Mulholland Memorial Fountain

Philip Cosores


Every time I round the corner of Riverside Drive to turn into the tangle that is Los Feliz Boulevard I think, who is that for

One day, I disregard my errands, flip a U, park my car and get out to see. The fountain is not flowing that day, many weekdays it is not (and some it is). What is a fountain when it’s not flowing? Just a monument, I guess. It makes me think of wine menus when vintages are labeled dry farmed. I know what it means, that farmers don’t irrigate the vines themselves, simply letting the weather pattern impact the grapes. They do it all the time in Willamette Valley, where I’m from. The grapes are fine; the grapes don’t have feelings. But there’s still something lonely about it, something sad. Like a fountain, when it’s not running.


The fountain is called William Mulholland Memorial, and it’s named after the man who built Mulholland Drive, or Mulholland Highway, depending on which part you’re on. As one of the city’s foremost civil engineers, he didn’t just build a country highway — he’s also responsible for the Los Angeles Aqueduct, a structure that’s over two hundred miles long and makes the existence of this city, smack dab in the middle of an inhabitable desert, possible. He deserves a fanfare I guess, a million bright blue tiles singing about precious water, even when the fountain doesn’t run and the pool is calm.

When they hear the name Mulholland, most people think of the iconic David Lynch film, Mulholland Drive. I’ve driven that country highway front to back, east to west, it’s only twenty-one miles, it’s not even that long. If you live in Malibu it’s a local backroad, basically. So I drove it for fun, a creature comfort, and never watched the movie. I don’t want it to ruin the road: the nowhere vibes, the sense of peace, the views. Lynch films have a way of lodging themselves in my subconscious, like water seeping into the cracks long after the initial wet. They drip, and pool, and mold. I’d rather have the road and fill it with my own thoughts.

Philip Cosores


I live a mile from the fountain, maybe less, for my first two years in LA. I drive past the fountain and wave to it, waving to no one, waving to myself, maybe. I get nearly overwhelmed on the days it runs, water glistening like an unexpected song, trumpeting up, shouting about a victory I haven’t yet felt. A running fountain is almost too much in this city. It’s ostentatious, or decadent. Think of the water crisis, the drought, global warming, a Didion essay, old but swimming in warning signs. I think of the dry farmers up in Willamette Valley who see their vines languishing in the heat and do nothing. Their wines are excellent, better even, for it. The juiciest Pinot grapes need to know want.

I sit at the fountain and search for more info about William online, how did he convince an entire city to breathe water in? A city is whatever you make of it, a city is whatever parts you claim as yours. So I step up to the fountain, dry, and I claim it as mine. Dear Los Angeles. No one will get that reference but her, and she’s not here anymore, so it’s mine now too.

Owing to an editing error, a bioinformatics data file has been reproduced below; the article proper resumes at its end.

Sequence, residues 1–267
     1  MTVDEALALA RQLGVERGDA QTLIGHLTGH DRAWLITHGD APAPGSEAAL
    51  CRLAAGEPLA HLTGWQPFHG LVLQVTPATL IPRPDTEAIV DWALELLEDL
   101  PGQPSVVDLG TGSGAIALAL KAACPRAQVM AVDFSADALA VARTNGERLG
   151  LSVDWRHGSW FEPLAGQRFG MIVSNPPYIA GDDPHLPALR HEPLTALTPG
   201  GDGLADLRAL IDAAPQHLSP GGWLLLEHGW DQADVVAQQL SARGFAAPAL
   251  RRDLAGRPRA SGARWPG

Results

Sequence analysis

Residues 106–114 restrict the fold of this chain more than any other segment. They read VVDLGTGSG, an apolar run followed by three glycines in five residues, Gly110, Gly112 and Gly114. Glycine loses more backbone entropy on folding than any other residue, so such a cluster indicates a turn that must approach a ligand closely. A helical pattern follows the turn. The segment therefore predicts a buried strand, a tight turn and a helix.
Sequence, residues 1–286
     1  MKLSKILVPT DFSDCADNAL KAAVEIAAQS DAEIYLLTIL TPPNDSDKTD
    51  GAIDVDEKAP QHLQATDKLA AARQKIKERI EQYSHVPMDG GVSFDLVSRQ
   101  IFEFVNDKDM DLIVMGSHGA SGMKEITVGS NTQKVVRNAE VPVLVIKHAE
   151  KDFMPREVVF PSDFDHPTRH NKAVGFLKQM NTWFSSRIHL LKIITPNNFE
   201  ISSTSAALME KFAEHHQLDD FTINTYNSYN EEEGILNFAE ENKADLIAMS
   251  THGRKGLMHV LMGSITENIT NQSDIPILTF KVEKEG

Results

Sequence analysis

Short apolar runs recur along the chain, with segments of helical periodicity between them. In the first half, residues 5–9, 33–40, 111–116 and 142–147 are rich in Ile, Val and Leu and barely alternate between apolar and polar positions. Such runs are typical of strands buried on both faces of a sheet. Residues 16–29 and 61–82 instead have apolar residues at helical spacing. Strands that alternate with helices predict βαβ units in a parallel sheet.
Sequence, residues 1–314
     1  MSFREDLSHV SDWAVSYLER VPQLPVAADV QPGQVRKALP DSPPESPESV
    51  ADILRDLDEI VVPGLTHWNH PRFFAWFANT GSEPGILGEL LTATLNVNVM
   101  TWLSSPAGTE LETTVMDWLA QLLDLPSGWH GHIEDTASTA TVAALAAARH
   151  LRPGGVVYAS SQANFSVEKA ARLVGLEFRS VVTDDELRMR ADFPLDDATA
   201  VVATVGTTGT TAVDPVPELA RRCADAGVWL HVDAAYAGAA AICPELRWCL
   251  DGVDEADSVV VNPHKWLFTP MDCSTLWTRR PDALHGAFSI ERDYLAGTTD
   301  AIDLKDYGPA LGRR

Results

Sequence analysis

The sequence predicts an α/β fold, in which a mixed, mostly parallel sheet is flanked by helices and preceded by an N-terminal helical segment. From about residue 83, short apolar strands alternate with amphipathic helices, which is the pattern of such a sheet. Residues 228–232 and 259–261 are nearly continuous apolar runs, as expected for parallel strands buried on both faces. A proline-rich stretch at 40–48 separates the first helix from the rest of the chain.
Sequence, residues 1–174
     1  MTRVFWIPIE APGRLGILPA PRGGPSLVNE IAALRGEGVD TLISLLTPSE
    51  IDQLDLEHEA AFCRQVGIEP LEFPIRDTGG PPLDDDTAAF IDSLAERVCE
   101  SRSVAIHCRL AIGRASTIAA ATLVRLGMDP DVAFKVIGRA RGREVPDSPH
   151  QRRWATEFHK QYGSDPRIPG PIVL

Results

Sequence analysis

Instead of good news, I find out about the St. Francis Dam disaster, a Mulholland construction that burst in the late 1920s, killing almost 500 people. William came to check on it just a couple days before, and told the worried dam foreman it was fine. Hours later, the foreman and his family were the first to die, crushed under the weight of water. All the people in the nearby cities tossed the thought back and forth before the dam burst; they tasted disaster with their senses, even when the expert told them it wouldn’t come.

In the morning, when the dust had cleared, Mulholland uttered his most infamous acceptance of blame: I envy the dead. Bad things happen this year and I want to feel this way about myself. But I can’t. I still like living, which somehow makes me angrier.


When the Mulholland Memorial is wet it feels like Los Angeles drips abundance. Living here, after the parch of the east, sometimes my throat gets tight thinking about my shiny new so much. Sunsets and highways and cheap, clean apartments, space and the smile of my friend when he’s really laughing, like late night at Bar Henry and the bartender rolls his eyes at us. I’m nervous around abundance. I like it better when the fountain is off.

I learn from a teacher that this thing I do is called a lyrical essay. I so prefer a lyrical essay to an expository piece, she says, with an encouraging smile. (First red flag, someone who likes what I do.) I’m not trying to tell them about facts, I tell her. Or, think of how much more they remember, with the feelings there next to them she says: I don’t know if memory is my goal, though.

I’m not talking about wine or a fountain or Mulholland. I’m talking about (write it!) disaster. Envying the dead. Recovery, maybe, if you’re optimistic. I’m talking — I’m writing — about how people might want to build a fountain about you, even after you accidentally kill 500 people. If Elizabeth Bishop was here, she’d say I’m talking about a fish. One art. 

I think I’d like to fall in love. But more than that, I’d like to find someone who drives Mulholland alone. And who hasn’t seen the movie.

Maybe next year.

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